Table of Contents
The table of contents is an important map for your reader. It shows the reader:
- the main sections and subsections of the whole text
- the organisation of the text
- the most relevant sections for them
A program like Word will generate the Table of Contents automatically.
Your table of contents should include:
- both headings and subheadings and related page numbers
- informative titles
- logical numbering system e.g.
1. Level heading one
1.1 level heading two
1.1.1 level heading three
- Note: 3 levels is often the limit
- References/Bibliography and appendices are usually neither numbered nor considered to be chapters.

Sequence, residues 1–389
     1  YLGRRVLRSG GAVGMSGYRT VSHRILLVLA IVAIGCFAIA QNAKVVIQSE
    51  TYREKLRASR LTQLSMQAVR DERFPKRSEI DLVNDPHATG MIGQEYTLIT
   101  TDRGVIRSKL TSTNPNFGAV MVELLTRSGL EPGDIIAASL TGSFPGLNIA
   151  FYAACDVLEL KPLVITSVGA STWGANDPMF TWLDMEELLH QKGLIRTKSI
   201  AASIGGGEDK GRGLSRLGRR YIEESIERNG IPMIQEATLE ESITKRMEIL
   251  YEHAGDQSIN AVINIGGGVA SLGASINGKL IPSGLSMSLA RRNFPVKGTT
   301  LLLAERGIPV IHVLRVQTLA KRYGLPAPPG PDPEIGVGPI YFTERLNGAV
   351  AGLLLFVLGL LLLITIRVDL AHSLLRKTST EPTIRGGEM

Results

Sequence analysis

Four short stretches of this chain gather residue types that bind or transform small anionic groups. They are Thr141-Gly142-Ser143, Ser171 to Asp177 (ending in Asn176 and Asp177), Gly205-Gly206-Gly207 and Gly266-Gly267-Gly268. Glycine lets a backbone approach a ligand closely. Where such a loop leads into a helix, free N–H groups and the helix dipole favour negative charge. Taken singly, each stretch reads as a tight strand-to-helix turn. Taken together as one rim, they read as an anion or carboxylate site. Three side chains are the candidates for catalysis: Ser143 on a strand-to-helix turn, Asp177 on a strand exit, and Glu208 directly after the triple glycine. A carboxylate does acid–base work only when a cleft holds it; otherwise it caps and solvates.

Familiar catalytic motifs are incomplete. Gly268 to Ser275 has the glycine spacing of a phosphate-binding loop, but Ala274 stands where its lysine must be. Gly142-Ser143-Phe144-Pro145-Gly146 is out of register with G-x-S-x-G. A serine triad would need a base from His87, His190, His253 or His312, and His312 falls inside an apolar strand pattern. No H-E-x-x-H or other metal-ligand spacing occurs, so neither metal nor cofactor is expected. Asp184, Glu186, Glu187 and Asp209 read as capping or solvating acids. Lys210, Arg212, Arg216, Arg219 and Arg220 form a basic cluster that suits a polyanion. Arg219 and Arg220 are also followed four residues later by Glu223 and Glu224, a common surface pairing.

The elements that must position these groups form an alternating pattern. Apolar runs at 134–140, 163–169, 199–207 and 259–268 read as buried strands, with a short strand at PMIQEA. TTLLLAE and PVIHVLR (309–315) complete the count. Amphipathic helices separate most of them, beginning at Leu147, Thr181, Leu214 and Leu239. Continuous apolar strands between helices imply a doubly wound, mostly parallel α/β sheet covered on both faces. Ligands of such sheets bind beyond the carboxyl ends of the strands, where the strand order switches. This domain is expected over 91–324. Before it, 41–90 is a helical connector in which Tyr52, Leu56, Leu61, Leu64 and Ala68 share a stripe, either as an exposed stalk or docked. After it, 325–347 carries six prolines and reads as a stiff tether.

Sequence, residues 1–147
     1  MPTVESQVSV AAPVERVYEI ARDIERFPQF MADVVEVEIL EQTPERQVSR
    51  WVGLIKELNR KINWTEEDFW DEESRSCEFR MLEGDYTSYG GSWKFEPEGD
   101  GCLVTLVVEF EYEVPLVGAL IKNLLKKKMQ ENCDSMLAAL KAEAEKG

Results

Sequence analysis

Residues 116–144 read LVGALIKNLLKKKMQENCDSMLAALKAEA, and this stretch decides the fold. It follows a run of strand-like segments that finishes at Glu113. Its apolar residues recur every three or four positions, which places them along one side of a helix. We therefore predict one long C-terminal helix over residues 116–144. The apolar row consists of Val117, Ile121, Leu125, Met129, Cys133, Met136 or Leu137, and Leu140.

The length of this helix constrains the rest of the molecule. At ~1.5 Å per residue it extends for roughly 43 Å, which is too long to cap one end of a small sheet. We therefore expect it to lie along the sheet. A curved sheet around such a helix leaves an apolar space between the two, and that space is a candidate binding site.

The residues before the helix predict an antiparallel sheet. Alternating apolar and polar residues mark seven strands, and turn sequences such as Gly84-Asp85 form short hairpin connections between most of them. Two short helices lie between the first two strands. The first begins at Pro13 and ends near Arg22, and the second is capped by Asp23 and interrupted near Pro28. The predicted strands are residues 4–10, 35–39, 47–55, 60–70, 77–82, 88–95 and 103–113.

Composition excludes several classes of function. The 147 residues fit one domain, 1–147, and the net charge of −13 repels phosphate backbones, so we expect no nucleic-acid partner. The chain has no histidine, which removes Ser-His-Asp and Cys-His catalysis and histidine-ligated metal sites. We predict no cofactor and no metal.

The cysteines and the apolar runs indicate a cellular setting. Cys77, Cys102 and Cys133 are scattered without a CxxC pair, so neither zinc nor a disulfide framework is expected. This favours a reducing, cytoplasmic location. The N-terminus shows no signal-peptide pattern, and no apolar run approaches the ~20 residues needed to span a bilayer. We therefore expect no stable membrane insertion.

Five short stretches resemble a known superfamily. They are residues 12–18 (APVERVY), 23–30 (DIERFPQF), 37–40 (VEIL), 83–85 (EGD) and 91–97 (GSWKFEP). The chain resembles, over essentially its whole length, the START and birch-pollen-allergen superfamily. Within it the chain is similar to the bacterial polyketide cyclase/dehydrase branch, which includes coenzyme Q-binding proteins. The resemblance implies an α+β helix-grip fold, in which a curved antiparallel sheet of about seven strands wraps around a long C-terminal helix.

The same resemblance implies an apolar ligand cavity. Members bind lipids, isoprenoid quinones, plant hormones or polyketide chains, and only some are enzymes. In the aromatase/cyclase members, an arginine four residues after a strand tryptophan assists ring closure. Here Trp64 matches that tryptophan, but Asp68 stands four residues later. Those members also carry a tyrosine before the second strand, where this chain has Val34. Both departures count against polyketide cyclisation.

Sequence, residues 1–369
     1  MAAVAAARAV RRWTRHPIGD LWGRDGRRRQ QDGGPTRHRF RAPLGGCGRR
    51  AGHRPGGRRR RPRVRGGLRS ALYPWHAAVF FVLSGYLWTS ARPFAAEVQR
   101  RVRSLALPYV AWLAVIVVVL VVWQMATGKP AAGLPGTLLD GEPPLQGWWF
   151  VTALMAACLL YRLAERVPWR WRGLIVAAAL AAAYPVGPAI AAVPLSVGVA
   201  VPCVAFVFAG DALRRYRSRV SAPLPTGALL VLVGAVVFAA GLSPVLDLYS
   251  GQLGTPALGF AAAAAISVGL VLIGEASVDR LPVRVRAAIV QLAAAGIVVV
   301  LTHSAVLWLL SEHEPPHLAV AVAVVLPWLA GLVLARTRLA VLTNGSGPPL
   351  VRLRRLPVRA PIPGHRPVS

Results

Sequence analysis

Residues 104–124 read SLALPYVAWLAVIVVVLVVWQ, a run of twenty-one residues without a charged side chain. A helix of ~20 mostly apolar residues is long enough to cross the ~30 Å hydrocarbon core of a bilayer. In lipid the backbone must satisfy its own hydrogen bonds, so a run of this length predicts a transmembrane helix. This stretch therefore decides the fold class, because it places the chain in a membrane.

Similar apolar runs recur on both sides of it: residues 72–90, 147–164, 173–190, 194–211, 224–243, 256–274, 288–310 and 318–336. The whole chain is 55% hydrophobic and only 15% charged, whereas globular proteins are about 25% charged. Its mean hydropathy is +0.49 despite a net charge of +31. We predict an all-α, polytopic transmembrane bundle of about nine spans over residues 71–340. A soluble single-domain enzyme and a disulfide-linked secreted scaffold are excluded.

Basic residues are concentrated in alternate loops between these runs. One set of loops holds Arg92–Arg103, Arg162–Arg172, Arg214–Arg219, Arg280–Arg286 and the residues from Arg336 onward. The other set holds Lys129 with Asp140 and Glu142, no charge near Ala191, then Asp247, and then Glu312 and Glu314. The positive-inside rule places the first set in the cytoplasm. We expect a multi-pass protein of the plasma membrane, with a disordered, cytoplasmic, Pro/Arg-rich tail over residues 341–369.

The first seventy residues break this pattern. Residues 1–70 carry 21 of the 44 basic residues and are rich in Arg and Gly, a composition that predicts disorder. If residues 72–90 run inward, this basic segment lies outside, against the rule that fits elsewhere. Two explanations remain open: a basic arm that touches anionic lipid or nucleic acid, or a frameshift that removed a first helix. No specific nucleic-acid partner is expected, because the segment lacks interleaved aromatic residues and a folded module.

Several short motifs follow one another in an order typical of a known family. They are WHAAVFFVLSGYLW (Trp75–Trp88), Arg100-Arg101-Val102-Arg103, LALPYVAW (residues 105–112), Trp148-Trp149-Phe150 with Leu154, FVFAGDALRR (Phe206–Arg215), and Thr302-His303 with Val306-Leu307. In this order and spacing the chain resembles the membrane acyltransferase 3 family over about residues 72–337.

- The format for the different level headings and notation used should remain consistent throughout the report. Irrespective of where in the text, the reader must recognize the level heading formats.
- Lowercase roman numerals are used for front matter e.g. abstract, acknowledgements, lists mentioned below
- Try to avoid having "empty" headings in the text i.e. headings without text
Other possible lists at the beginning of the thesis:
- Figures and tables in the text
- List of illustrations including page numbers
- List of abbreviations
- Could be helpful if many abbreviations or acronyms are used in the report which might be new to the reader
- Glossary / terminology
- List of key words / terms used in the thesis which might be new to the reader
- List of symbols / notation
- Could be helpful if many symbols / notation are used in the report which might be new to the reader